One day my luck turned. During Correfoc, a festival of fire and demons, where people line the streets and cover their hair for fear of stray sparks (of which there are plenty), I was with a few colleagues of mine, a mix of Americans, Brits, French, and Germans (whom I’d come to learn all speak excellent English due to their school system). It was there that I saw her, in the midst of a crowded plaza. She was wearing a black jacket and tight pants, different from her casual beige clothing I’d seen her in at Arabay, but I recognized her instantly. Her hair fell far past her shoulders, the way young women wear their hair before cutting it to the matured bob fashion. And to my pleasant surprise she was with a few people I knew, fellow language teachers. I was promptly introduced by one of them and it was then that I learned her name: Amara. The name alone sings out beauty and radiance. She spoke English with a spellbinding accent and said her name quickly, as if it were only one syllable. We immediately dove into conversation, leaving the rest of the group in our peripherals, mere background noise. 

She was much shorter than I realized, having only seen her while sitting down. But it was to my liking, for I had to bend far down, brushing against her soft hair and smooth skin, to be able to hear her amongst the festival crowd. She smelled of coffee and chocolate. I learned she was from Cologne but her parents were from Spain, explaining her olive skin and enticing accent. She told me about Cologne and how I must go there one day (my only experience in Germany was wintertime in Berlin and I didn’t care for the early sunsets and dreary streets, but for her, I’d travel across the whole country). I must have said something about my mediocre time in Berlin because she spoke very convincingly of Cologne, saying how it was more similar to a Spanish town than anywhere in Germany, where the people are laidback, more carefree, and gather frequently to celebrate holidays and families. I told her it sounded wonderful and I would have to go.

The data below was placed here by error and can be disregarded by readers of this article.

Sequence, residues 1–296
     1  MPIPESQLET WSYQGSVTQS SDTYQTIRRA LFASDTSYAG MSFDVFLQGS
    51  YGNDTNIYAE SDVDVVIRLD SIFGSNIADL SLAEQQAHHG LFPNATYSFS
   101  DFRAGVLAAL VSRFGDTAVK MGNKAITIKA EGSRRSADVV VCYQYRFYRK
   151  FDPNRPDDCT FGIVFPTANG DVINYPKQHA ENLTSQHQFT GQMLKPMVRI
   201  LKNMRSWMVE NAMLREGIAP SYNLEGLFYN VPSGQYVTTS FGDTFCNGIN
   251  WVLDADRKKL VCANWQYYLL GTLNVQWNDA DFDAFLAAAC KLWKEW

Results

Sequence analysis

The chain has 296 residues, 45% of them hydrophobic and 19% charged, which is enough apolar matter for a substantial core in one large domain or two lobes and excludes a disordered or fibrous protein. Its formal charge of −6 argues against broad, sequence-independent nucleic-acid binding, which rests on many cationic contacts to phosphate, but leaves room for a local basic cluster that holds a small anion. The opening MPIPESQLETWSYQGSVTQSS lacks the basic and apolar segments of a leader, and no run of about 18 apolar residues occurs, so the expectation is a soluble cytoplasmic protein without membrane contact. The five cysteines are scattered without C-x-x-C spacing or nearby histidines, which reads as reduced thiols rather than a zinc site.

Every time I pulled my ear back from her so I could speak, her big brown eyes pulled me back in like a fly to a light. She was attending the university, which explained her only part-time position at Arabay, and would be returning to Cologne once the semester finished. We had similar timetables. 

But just as soon as she appeared, she had to go. Her group of friends were pulling her away for food and drinks at someone’s apartment. Unable to obtain the same invite, she promised she would see me later that night. With a smile, my beautiful Amara turned and left the plaza. Though I have no right to call her mine. I stayed out the entire night, dancing and drinking in the streets, hopeful my love would return. But sadly, I never saw her again that night. 

I continued frequenting Arabay, longing to see her behind the counter or sneaking up to my table to continue our conversation from the night I remember as more of a dream. There was one time when walking upstairs to my window-side table I thought I saw her hair flicker out the downstairs entrance, but that was the closest I came to seeing her again. After a month passed I was losing hope. When ordering a drink from Elias I asked him if she was working that day. Through a hodgepodge of jumbled Spanish and broken English I was informed she had returned to Cologne to attend to an ill mother. He was not sure of her return. 

Winter became spring and out of spring bloomed summer. My time in Spain was coming to an end. Even if I could find another teaching job when my school finished in June, my visa would expire and I would have to return to the States. I have yet to visit Cologne but I plan to someday, searching coffee shops and universities for the sweet smell of chocolate and coffee, for deep eyes with no end, for my Amara.